16 Top-Rated Provence Rosés
92 Château d’Esclans 2012 Garrus Rosé (Côtes de Provence). This full-bodied wine pushes the concept of rosé to its limits. Wood-aged and rich, it conveys a sense of structure, mature fruit and delicious toastiness. It has already been aged an extra year, but would benefit from cellaring even longer, so wait until 2015. Shaw-Ross International Importers.—R.V.
abv: 14% Price: $100
92 Château Sainte Marguerite 2013 Cru Classé Grande Réserve Rosé (Côtes de Provence). The palest of grey-pink rosés, this is classy, fresh and fragrant. It has a light, orange-zest texture as well as tannins and a mineral edge. Very fresh, it is also worth aging a few months. Dreyfus, Ashby & Co. Editors’ Choice. —R.V.
abv: 12.5% Price: $29
92 Estandon 2012 Estandon Légende Rosé (Côtes de Provence). After an extra year’s aging, this wine’s richness is very apparent. It may have lost immediate freshness but it has gained in ripe fruits, in texture and in depth. It’s a complex wine worth pairing with food. Southern Wine and Spirits. Editors’ Choice. —R.V.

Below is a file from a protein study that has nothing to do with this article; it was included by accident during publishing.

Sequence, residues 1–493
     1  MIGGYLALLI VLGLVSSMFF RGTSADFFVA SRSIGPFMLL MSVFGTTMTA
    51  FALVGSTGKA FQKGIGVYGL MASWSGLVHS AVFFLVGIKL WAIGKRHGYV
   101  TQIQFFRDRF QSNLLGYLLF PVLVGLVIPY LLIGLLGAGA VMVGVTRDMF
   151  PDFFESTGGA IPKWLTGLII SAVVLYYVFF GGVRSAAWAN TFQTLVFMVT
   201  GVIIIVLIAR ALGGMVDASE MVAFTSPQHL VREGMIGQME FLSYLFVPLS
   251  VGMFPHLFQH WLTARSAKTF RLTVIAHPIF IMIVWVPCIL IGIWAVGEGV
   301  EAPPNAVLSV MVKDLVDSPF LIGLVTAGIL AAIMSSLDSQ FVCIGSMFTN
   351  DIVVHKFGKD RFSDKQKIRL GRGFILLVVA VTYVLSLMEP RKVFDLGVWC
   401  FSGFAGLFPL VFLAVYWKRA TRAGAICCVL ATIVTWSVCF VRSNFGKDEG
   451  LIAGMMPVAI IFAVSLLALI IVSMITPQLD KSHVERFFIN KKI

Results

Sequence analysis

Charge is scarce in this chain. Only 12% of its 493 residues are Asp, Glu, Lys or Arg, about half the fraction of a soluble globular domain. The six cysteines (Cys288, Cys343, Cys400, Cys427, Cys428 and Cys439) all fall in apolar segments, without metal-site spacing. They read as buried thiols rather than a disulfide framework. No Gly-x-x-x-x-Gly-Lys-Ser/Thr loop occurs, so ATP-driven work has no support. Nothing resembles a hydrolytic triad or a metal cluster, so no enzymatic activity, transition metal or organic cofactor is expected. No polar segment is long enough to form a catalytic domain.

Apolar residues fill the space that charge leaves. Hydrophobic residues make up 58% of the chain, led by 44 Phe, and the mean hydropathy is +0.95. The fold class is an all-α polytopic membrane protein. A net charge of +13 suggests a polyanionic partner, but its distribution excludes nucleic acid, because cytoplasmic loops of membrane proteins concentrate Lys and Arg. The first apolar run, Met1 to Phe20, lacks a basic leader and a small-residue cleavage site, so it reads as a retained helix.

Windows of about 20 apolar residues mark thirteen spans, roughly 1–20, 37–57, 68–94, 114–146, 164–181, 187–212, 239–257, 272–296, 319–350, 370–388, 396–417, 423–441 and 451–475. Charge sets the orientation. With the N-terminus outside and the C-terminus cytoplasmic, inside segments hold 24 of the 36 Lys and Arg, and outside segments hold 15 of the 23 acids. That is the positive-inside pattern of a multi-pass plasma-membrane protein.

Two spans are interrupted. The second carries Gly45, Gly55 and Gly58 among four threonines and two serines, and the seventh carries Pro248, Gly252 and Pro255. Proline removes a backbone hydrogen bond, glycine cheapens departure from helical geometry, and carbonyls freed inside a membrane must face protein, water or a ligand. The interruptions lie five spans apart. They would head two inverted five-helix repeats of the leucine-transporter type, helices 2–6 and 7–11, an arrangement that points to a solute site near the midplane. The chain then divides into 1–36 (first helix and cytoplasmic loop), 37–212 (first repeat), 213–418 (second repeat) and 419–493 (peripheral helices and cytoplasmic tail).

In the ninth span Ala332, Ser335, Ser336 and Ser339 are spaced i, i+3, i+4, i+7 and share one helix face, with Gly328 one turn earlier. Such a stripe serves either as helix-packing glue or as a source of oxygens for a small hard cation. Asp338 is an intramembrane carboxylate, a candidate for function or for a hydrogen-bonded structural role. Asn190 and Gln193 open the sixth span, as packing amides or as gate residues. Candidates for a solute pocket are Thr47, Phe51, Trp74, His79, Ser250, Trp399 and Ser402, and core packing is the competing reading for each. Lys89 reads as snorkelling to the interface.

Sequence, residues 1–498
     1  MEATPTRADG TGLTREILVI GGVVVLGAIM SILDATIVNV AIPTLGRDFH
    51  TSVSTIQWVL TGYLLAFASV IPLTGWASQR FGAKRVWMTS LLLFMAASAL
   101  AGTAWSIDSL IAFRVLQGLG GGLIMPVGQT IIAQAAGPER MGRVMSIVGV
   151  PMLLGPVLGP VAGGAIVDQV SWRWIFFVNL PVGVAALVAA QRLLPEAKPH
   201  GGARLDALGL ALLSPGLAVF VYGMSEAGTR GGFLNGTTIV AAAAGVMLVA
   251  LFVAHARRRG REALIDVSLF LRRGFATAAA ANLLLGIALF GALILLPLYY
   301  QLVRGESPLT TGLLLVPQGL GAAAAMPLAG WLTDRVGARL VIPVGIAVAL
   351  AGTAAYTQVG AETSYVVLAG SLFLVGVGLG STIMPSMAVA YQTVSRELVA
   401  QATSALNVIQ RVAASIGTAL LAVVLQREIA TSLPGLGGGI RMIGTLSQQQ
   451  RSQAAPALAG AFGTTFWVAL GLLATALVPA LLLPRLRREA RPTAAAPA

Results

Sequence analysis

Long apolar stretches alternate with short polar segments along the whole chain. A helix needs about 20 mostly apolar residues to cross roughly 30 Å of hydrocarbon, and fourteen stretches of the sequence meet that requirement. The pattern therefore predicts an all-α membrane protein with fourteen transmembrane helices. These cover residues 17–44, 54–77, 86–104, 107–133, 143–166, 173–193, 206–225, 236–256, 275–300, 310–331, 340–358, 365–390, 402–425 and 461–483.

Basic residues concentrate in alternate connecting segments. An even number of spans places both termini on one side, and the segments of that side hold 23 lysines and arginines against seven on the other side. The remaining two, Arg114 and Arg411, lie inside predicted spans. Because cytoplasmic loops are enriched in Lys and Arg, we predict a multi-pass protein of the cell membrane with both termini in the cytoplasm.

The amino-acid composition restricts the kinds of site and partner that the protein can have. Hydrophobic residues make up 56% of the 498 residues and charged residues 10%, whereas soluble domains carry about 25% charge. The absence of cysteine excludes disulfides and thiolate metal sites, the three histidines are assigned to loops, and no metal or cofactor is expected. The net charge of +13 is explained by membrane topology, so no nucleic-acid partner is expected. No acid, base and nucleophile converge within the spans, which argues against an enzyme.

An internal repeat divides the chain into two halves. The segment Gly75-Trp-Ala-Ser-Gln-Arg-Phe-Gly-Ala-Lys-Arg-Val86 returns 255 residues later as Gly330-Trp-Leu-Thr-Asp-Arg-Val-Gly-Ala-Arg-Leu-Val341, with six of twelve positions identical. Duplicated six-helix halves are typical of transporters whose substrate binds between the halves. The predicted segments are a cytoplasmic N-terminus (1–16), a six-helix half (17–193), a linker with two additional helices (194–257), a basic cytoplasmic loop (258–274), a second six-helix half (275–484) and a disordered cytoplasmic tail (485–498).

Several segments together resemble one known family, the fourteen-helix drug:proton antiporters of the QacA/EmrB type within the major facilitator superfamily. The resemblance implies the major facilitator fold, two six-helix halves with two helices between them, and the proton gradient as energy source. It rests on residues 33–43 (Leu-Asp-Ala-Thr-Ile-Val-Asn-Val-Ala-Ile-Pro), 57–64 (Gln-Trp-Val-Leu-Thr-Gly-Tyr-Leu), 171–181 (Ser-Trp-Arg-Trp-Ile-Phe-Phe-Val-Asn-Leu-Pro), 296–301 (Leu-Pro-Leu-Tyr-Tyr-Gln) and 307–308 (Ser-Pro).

abv: 13% Price: $23
91 Château d’Esclans 2013 Rosé (Côtes de Provence). The estate wine from Sacha Lichine’s Château d’Esclans discloses deeper color than some rosés from Provence. It has a ripe feel, smooth red fruits and a touch of toastiness. Full-bodied and dry, it is definitely a food rosé, and best left until late 2014 before drinking. Shaw-Ross International Importers. —R.V.
abv: 13.5% Price: $35
91 Château du Galoupet 2013 Rosé (Côtes de Provence). From one of the classed growths of Provence, this wine is intense with ripe fruits. Red plum, red currant and berry fruit flavors go with a steely, nervy texture that needs to age. Drink from the end of 2014. DB Wine Selection. Editors’ Choice. —R.V.
abv: 13% Price: $22